I’m not so much affirming Trump as I am the anger and frustration of much of the American working class.  Many of the divisions in this country are inextricably bound up with how one defines nationhood. Many of our Founding Fathers viewed the American nation as an Enlightenment experiment, but all of them to a man conceived the United States as a republic focused first and foremost on its national and economic interests. That is the crux of the American Experiment, and working and middle-class Americans deserve more than its being whittled away through a series of executive orders and agreements carrying, in many cases, the force of treaties.

To express it another way, Mr. McCain, the vast majority of working-class and middle-class Americans still view the American Experiment within the traditional nation-state terms – as a commonwealth. Many of them are weary of being lectured as provincials and even crypto-racists for holding that the nation-state remains the greatest guarantor of their liberties and economic well-being.

Why Is Secession Such a Terrible Word?


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Libertarian pundit and author John Stossel. Photo: Courtesy of Gage Skidmore.

Libertarian author and pundit John Stossel is mystified by all the smack talk about secession.

“Why do so many people see secession as such a terrible thing?” he asks.

Stossel cites the recent Catalonian push for secession, stressing that the struggle is about Catalans taking charge of their own affairs.  As he stresses, no government is perfect, but local governments, generally speaking, are “more responsive to the needs of constituents.” Moreover, by keeping government closer to home, citizens secure a greater likelihood of keeping their governments under close watch.

So, why all the agonizing over secession? he asks.

Short answer:  because the people in charge of big governments are seldom willing to give up power.

I wholeheartedly agree with Stossel: Why is secession such a terribly unspeakable word among so many of us? As he stresses, secession is by no means alien to the American experience. Indeed, the United States is an outgrowth of a secession struggle against the British Empire.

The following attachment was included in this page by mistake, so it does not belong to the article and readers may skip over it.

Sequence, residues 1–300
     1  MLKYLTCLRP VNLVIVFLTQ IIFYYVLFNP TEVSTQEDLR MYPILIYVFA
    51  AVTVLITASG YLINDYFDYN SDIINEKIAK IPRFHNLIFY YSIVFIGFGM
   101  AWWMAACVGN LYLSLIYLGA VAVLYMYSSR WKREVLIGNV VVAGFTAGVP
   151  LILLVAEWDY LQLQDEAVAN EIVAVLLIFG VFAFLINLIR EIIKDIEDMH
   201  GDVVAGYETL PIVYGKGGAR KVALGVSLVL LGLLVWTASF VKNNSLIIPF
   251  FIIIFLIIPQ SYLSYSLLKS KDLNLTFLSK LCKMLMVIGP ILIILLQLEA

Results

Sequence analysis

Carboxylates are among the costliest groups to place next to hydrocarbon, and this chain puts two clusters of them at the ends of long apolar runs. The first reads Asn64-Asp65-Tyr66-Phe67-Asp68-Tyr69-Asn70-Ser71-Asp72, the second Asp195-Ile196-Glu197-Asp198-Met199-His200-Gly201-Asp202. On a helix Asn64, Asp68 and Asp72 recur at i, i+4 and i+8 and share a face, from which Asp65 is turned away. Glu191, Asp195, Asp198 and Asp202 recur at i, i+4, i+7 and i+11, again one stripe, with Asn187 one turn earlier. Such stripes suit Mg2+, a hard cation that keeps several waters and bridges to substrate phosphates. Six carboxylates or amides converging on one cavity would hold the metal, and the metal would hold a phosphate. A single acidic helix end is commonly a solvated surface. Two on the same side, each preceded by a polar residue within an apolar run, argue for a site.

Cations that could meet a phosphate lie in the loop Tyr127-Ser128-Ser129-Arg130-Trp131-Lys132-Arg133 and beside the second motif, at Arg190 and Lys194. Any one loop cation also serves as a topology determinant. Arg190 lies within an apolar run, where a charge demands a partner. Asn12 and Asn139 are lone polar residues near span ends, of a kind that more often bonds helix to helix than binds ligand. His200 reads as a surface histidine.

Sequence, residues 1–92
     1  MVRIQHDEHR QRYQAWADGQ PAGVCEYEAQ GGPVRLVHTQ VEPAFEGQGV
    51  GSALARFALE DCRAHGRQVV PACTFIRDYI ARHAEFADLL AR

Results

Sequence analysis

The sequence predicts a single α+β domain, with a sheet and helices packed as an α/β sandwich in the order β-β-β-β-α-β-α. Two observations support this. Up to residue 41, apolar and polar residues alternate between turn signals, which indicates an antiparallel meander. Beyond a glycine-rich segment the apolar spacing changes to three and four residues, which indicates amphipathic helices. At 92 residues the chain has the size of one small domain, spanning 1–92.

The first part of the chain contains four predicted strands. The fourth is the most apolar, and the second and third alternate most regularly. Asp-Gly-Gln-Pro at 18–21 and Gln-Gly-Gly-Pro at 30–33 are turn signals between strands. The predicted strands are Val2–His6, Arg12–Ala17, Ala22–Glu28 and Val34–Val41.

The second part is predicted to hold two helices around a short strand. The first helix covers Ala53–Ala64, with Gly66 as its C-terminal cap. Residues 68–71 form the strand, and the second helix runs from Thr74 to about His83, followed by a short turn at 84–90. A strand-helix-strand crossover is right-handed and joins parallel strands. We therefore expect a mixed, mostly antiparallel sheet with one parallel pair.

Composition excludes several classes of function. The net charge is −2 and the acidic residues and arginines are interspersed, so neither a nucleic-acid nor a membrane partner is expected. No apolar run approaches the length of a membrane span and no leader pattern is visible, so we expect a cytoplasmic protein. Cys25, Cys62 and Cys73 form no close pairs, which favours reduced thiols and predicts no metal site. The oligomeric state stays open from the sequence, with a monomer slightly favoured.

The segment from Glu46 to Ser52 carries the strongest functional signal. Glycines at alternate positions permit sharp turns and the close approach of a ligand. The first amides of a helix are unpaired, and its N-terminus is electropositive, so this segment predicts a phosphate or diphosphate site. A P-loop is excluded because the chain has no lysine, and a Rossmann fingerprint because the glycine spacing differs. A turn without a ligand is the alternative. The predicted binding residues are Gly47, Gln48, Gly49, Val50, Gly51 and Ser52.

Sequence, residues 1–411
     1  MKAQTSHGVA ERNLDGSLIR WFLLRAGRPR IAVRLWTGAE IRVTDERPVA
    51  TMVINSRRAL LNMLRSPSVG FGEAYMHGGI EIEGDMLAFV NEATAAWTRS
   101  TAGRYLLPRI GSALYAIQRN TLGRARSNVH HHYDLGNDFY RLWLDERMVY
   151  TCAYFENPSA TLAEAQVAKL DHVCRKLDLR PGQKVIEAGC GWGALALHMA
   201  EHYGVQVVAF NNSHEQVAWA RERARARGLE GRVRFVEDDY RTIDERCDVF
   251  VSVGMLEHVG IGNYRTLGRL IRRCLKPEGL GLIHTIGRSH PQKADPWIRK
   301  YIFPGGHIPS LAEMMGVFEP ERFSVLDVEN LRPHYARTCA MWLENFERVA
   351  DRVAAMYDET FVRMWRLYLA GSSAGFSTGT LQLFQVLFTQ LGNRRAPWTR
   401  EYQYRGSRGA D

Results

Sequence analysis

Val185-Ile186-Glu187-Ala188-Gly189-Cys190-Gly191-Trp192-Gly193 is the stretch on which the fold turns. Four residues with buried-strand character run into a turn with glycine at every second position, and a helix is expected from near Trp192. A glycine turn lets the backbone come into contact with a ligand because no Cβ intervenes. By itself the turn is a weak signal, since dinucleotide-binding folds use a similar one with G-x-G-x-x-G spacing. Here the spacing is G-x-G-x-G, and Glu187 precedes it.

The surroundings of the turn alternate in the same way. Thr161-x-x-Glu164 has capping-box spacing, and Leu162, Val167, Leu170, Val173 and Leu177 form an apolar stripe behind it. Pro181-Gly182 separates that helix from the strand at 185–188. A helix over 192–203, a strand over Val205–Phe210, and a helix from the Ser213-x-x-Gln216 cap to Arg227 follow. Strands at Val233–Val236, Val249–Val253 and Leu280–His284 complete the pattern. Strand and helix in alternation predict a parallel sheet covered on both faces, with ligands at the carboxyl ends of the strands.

But I wonder: How many of us are aware that the the post-constitutional United States is a product of secession, too?

Madison once referred to this secession as the “delicate truth” behind the current American union. In effect, 11 states seceded from the union of states founded on the Articles of Confederation to form the present union. Recall that Rhode Island and North Carolina had refused to accede to the new Constitution and were still out of the union when George Washington took the oath as the first president of the United States on March 4, 1789.

Quite a few of our Founding Fathers never lost their enduring affection for small governments. A few of our Founding Fathers even had a hard time envisioning a nation the size of the present-day United States.  Writing to Dr. Joseph Priestly on January 29, 1804, Thomas Jefferson observed:

Whether we remain in one confederacy, or form into Atlantic and Mississippi confederacies, I believe not very important to the happiness of either part. Those of the western confederacy will be as much our children and descendants as those of the eastern, and I feel myself as much identified with that country, in future time, as with this; and did I now foresee a separation at some future day, yet I should feel the duty and the desire to promote the western interests as zealously as the eastern, doing all the good for both portions of our future family which should fall within my power.